The question arises in the wake of yesterday’s news that the government and GlaxoSmithKline settled a string of lawsuits charging the company with illegal promotion of prescription drugs for unapproved uses. The $3 billion settlement represented just a small fraction of the sales to patients for whom the off-label prescriptions either caused harm or did little or no good.
Glaxo’s chief executive Andrew Witty, in a prepared statement, assured the public that his company has “fundamentally changed our procedures for compliance, marketing and selling in the U.S. to ensure that we operate with high standards of integrity.”
Judging by the number of seminars and conferences over the past few years designed to help companies meet the legal requirements for promoting drugs, there would certainly appear to be a lot more attention being paid these days to staying within the law. There have been 165 settlements between the government and drug companies over the last two decades, and the more recent settlements — $2.3 billion from Pfizer and $1.4 billion from Eli Lilly — have achieved blockbuster status (a word usually reserved for drug sales above $1 billion). While that is affordable for the highly profitable industry, settlements of that size do tend to capture the attention of top company officials and begin to tip the risk-reward ratio for illegal activity toward better compliance with the letter of the law.
By NIRAN AL-AGBA, MD
A few weeks ago, I saw a young patient who was suffering from an ear infection. It was his fourth visit in eight weeks, as the infection had proven resistant to an escalating series of antibiotics prescribed so far. It was time to bring out a heavier hitter. I prescribed Ciprofloxacin, an antibiotic rarely used in pediatrics, yet effective for some drug-resistant pediatric infections.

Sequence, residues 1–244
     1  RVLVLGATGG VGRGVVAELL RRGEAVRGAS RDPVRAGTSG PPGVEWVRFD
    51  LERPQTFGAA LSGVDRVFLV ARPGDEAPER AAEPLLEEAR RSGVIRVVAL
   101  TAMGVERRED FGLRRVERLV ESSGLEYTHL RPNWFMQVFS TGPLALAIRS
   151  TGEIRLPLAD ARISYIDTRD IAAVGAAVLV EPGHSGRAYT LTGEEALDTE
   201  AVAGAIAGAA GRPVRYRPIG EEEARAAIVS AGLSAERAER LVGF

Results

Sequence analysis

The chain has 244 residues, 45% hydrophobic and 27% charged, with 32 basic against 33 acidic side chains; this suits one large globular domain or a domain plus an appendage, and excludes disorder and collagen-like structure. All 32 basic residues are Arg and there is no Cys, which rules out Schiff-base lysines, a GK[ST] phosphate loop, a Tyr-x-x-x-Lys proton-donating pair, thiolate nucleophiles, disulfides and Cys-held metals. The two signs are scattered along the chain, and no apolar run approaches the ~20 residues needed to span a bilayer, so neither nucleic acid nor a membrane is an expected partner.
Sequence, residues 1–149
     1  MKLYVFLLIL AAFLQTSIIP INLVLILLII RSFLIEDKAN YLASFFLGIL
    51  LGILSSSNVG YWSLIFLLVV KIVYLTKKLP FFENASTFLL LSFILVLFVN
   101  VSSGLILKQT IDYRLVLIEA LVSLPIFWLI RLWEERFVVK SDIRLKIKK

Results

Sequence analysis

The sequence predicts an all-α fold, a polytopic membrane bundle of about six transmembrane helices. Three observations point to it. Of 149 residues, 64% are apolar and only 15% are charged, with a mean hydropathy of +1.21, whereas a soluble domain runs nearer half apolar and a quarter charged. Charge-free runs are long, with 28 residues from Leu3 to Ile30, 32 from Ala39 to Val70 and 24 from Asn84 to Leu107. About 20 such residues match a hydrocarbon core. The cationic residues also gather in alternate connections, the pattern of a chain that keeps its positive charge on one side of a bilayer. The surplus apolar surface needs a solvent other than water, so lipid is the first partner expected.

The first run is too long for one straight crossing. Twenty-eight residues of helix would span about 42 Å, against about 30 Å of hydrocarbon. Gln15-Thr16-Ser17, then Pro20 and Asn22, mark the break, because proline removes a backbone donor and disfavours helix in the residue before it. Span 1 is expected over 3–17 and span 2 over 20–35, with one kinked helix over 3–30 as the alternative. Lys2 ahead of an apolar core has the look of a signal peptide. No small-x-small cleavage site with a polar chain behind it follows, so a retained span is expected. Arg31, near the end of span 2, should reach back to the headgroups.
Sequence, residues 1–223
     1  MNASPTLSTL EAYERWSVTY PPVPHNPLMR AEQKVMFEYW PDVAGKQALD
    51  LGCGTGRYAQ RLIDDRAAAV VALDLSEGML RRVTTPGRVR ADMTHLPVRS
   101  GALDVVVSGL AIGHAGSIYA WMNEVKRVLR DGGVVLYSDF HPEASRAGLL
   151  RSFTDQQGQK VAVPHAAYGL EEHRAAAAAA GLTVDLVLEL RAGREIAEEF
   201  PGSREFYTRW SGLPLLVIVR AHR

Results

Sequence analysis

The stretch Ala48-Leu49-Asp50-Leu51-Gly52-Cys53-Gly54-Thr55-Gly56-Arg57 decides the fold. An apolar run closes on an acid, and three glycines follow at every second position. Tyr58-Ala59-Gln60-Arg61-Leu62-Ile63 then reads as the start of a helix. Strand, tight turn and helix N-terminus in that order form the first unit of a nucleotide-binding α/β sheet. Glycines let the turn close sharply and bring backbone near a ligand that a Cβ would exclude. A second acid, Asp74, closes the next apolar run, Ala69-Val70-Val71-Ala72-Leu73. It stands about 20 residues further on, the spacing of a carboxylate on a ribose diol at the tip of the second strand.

The patient was on the state Medicaid insurance and required a so-called prior authorization, or PA, for Ciprofloxacin. Consisting of additional paperwork that physicians are required to fill out before pharmacists can fill prescriptions for certain drugs, PAs boil down to yet another cost-cutting measure implemented by insurers to stand between patients and certain costly drugs.
The PA process usually takes from 48-72 hours, and it’s not infrequent for requests to be denied, even when the physician has demonstrated an undeniable medical need for the drug in question.
Reducing gun violence by increasing access to mental health services may cost billions of taxpayer dollars and give drugmakers that help treat mental illness a revenue windfall. But will it reduce gun violence? The answer is uncertain.
In the wake of the tragic shooting at Sandy Hook Elementary School, there have been repeated calls to increase access to mental health services as a way to reduce gun violence in the U.S., even though the evidence is weak at best that those services actually reduce gun violence.
Absent from these calls to action is any sense of how much that policy would cost. Many argue that any cost is worthwhile if it prevents just one needless death due to gun violence. But we live in austere fiscal times and knowing the price tag before taking action makes sense (click on the image above to enlarge).
A just-published Bloomberg Government Study estimates that the potential impact on the federal deficit due to increased spending on mental health services could exceed $260 billion from 2014 to 2021.